BAE Systems has revealed that more than 1,000 of its staff are sitting idle because of the partial shutdown in US government services.
Wrangling over raising America’s debt ceiling has caused the 10-day closure of parts of the US administration, freezing work in the many government departments including defence, as well as shutting museums and parks.
The defence giant said while the financial impact from the shutdown has not yet been “material”, the impasse will increasingly hurt its US business if it drags on.
BAE said about 1,200 US intelligence, security and support staff, who are typically embedded in government operations, were told not to report for work from October 1.
BAE paid their wages up until last Friday, but a spokeswoman said it “cannot continue that with no end date in sight”. They have not been redeployed.
The group has around 30,000 US staff who work on programmes ranging from cyber security to armoured vehicles.
The shutdown crisis hinges on Republican resistance to President Barack Obama’s landmark healthcare reforms.
The US is edging closer to a possible debt default as the prospect of the White House and Congress agreeing a deal to extend the administration’s borrowing limit by October 17 looks ever more doubtful.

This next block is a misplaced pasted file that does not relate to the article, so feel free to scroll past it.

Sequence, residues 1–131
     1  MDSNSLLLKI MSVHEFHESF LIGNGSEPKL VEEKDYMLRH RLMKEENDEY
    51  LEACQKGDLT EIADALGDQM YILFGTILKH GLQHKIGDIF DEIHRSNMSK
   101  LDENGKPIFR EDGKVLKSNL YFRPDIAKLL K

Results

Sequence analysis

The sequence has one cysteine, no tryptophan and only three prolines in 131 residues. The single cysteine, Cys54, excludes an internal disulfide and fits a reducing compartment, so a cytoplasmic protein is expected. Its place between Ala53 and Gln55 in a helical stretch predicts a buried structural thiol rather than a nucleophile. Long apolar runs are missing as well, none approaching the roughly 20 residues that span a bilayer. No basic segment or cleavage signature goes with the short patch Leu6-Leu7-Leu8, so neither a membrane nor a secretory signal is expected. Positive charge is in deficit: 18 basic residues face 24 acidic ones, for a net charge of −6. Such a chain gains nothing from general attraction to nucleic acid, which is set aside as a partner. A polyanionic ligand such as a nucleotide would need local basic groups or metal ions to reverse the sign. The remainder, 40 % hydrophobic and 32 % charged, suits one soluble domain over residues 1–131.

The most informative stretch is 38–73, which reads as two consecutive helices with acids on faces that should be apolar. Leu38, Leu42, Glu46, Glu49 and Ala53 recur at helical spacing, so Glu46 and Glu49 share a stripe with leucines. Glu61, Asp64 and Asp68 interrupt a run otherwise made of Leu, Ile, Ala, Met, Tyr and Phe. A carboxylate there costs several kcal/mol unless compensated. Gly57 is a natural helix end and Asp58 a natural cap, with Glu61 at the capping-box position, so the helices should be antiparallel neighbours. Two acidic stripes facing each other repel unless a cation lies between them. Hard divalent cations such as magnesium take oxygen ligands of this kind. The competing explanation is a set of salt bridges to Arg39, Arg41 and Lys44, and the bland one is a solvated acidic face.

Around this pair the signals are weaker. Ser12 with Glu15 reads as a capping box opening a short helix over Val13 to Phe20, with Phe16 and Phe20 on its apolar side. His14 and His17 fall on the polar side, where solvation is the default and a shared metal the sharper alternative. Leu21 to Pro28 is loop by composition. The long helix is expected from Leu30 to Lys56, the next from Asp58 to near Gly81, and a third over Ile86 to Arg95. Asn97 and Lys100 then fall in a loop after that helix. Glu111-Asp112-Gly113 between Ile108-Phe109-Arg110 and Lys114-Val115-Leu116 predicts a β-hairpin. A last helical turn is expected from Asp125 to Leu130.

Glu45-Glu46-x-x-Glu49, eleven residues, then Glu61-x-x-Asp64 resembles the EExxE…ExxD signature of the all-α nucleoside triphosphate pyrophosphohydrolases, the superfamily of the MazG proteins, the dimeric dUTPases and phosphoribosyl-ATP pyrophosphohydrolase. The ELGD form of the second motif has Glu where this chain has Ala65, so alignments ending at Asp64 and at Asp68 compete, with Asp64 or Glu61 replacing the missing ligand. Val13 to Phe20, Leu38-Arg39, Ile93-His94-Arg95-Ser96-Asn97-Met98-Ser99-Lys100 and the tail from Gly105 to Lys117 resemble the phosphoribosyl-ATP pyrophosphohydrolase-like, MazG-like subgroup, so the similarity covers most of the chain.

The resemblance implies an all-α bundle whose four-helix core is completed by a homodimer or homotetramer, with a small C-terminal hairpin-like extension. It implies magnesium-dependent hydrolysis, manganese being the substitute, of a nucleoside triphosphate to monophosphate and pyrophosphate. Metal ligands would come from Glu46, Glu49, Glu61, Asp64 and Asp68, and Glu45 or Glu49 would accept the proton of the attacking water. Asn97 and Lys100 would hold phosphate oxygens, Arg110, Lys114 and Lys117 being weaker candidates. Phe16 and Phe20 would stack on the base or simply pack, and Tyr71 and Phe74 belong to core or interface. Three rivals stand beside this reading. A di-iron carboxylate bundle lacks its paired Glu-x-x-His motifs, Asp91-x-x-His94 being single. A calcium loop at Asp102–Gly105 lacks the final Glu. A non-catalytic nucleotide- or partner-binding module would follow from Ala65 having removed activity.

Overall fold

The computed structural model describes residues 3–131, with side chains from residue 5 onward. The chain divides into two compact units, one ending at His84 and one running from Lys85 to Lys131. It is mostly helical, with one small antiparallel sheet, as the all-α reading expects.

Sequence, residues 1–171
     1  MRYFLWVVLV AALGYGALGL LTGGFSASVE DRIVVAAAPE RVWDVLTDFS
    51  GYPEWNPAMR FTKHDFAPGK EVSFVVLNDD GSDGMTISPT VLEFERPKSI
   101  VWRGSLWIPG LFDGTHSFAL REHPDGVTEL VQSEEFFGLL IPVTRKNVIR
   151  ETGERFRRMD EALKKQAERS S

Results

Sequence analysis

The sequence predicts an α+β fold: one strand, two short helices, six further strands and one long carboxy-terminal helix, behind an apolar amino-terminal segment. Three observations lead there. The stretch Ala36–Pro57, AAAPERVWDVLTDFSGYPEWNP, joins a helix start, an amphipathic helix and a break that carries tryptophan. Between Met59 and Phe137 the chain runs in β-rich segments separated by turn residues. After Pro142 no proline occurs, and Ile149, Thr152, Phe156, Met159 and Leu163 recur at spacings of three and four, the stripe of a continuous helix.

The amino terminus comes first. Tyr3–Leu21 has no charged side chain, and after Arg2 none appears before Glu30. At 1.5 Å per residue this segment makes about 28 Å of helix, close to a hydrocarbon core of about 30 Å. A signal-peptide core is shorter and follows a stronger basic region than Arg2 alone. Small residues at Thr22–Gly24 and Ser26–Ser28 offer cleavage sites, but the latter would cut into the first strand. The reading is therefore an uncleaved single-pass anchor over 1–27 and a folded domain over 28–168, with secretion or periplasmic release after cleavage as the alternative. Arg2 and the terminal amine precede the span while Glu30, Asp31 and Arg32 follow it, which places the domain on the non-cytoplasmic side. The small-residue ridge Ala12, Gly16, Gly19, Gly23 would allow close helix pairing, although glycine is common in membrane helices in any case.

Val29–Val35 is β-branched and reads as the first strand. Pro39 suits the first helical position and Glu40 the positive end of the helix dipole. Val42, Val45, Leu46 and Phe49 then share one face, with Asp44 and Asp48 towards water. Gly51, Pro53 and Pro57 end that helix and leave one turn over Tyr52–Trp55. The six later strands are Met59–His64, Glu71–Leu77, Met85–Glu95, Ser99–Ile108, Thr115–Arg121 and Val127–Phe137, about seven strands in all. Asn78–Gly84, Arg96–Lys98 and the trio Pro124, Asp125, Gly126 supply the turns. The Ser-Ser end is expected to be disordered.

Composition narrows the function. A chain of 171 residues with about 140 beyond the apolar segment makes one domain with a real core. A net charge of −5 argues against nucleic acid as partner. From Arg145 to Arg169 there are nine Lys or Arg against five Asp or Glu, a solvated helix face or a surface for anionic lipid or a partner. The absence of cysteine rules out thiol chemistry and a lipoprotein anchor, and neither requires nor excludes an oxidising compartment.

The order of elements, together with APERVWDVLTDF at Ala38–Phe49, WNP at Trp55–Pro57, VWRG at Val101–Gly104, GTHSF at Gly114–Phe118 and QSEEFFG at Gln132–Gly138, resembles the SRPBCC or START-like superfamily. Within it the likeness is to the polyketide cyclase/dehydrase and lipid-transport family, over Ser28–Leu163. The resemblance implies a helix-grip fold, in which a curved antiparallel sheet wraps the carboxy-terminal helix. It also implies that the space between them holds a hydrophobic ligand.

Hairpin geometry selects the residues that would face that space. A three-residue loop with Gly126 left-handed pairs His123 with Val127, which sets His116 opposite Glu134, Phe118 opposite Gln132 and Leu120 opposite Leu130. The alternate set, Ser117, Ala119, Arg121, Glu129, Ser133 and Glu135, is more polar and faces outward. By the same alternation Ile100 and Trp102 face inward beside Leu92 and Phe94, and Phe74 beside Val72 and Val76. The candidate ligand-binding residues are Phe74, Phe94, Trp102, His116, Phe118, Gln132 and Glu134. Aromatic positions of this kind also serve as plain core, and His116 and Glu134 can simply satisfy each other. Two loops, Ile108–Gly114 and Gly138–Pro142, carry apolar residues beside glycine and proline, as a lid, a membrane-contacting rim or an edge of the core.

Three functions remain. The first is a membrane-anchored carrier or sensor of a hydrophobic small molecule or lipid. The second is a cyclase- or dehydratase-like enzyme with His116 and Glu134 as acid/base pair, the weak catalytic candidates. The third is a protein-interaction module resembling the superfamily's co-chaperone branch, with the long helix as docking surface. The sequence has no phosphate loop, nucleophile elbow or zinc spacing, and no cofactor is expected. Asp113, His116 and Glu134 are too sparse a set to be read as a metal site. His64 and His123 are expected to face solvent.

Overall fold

The defence company has already been hit by stalled spending in the US, but said a share buyback drive should help deliver double-digit earnings growth this year, adding its outlook remains unchanged.
However, the group said profits will suffer this year if price negotiations over a Saudi Arabian order for fighter jets drag beyond 2013.
While BAE continues to expect a “satisfactory completion” this year to the long-delayed Salam talks, it said failure to agree higher prices with the Kingdom of Saudi Arabia for a historic contract for 72 Eurofighter Typhoon jets would hit earnings per share by 6-7p this year.
Meanwhile, BAE said it continues talks with the UK’s Ministry of Defence to ”balance naval surface shipbuilding capacity with future warship demand”.
It added international market activity remains “vibrant”, as it chases orders including a deal to supply Typhoons to the United Arab Emirates. It has booked £5bn of orders from outside its core UK and US markets so far this year.
BAE has bought back £134 million shares from a planned £1bn share repurchase programme, but said completing this relies on successful Salam negotiations.